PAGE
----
Danish Covid mink variant ‘very likely extinct’, but controversial cull continues

Danish Covid mink variant ‘very likely extinct’, but controversial cull continues

The Covid-19 mink variant that led to a cull of all mink in Denmark and the resignation of the country’s agriculture minister on Wednesday, is “very likely extinct”, said Denmark’s health ministry.

The cull was sparked by research from one of Denmark’s public health bodies, the Statens Serum Institut (SSI), which showed that a mink variant of the Sars-CoV-2 virus called C5 was harder for antibodies to neutralise and posed a potential threat to vaccine efficacy.

A press release from the Danish Health Ministry on Thursday said the SSI had not found the C5 variant since September. It said: “the sequencing of the positive tests are showing we have not been able to find the mink variation with Cluster 5 since 15 September and because of this the SSI is estimating that this variant has very likely has died out.”

Despite political backlash the cull has continued, and farmers have until midnight Thursday to cull all mink in the country.

Scientists broadly welcomed the C5 extinction announcement. “This is good news, although I suspected Cluster 5 was extinct already,” said University College London (UCL) Genetics Institute director Francois Balloux. “Its prevalence was never that high and has not been observed since last September.”

Balloux said, in his view, the “concerns over Cluster 5 may have been overestimated at the time”, but said this did not mean that the cull had been unnecessary. “No, the cull was not unjustified. Mainly because of the number of mink infected with Covid-19. The mutation was not really the justification for me. It was the large mink reservoir of Covid-19. I would also mention that minks escape regularly, so you don’t want that risk of infecting the wild animal population either.”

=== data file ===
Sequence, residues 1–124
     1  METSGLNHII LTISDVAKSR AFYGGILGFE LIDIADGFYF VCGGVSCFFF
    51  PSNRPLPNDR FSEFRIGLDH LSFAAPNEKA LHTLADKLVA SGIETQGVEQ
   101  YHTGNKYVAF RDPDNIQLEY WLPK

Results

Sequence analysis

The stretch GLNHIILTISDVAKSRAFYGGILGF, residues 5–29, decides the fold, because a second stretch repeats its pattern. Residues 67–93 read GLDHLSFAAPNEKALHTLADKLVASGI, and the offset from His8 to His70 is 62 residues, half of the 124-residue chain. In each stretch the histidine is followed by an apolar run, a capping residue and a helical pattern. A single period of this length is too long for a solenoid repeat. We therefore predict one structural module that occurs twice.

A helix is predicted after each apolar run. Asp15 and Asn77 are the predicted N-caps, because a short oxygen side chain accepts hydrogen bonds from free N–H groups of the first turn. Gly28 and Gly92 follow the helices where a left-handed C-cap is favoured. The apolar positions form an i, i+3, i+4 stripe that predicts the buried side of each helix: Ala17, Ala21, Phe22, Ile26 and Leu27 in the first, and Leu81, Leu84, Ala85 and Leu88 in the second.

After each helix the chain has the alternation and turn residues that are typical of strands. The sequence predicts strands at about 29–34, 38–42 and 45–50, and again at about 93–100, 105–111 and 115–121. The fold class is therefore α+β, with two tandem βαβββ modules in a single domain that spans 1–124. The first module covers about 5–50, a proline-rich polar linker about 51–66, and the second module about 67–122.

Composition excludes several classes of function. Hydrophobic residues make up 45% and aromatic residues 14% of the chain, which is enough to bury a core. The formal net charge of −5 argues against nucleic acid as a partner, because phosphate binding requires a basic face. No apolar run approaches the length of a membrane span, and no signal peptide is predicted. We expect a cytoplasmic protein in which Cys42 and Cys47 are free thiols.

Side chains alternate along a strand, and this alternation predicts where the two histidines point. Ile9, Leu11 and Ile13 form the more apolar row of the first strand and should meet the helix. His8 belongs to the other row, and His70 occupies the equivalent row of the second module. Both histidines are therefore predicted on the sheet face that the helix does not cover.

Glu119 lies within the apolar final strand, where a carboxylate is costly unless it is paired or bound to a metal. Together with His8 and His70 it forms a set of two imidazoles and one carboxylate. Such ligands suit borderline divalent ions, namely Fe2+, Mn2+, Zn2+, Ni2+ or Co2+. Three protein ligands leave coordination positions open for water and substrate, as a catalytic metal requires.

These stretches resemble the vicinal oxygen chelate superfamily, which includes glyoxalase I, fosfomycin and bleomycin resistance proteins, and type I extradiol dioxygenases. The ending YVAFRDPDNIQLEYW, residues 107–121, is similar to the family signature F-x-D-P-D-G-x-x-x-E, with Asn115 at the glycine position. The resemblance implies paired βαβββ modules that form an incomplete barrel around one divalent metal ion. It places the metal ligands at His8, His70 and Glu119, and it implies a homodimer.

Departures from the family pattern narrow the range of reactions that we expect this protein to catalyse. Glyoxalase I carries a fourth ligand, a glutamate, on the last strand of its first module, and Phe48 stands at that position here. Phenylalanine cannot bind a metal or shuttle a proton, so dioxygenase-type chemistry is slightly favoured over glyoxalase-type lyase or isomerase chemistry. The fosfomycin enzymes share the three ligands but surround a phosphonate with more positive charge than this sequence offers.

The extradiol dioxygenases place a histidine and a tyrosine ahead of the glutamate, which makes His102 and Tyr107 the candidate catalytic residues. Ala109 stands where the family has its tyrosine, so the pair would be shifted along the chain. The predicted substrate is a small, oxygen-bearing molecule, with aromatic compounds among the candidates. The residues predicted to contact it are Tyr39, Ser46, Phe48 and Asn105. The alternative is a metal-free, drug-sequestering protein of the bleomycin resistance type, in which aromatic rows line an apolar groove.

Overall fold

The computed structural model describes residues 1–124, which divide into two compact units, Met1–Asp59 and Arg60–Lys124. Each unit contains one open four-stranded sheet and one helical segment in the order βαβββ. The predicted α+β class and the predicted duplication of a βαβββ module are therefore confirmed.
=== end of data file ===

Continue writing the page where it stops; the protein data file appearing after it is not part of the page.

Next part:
He added that although C5 was just one of several mink mutations in circulation, it had been the most worrying because of its structure. “It had four mutations in the spike protein but only one in the receptor binding domain (RBD), the Y453F mutation. It is the RBD area that is the most important in terms of the risk of reducing vaccine efficacy.”

Balloux’s UCL colleague, microbiologist Prof Joanne Santini, said this indicated the Danish had successfully contained its transmission, but sounded a note of caution. “I would be interested to know whether the claim of extinction was due to quarantining people infected, isolating their contacts as well culling the infected mink, or if C5 died out naturally.”

It would be critical, as well, Santini said, to exclude the possibility of other animals being infected. “Time will tell,” she said. Nor does the C5 extinction rule out the risk of similar mutations, and much is still unknown, she said.

Danish thinktank estimates put the cost of mink farm closures at about 3bn Danish kroner (GBP360m), and last week Denmark’s breeder association and the world’s largest fur auction house, Kopenhagen Fur, announced a “controlled shutdown” over the next three years.

Sweden’s health agency said on Thursday that a number of Covid-19 cases had been confirmed in people who work in the mink industry. Authorities are analysing viruses from the infected people and infected minks to see if there is a link between the cases and their contact with minks, the agency said in a statement.

Reuters contributed to this report

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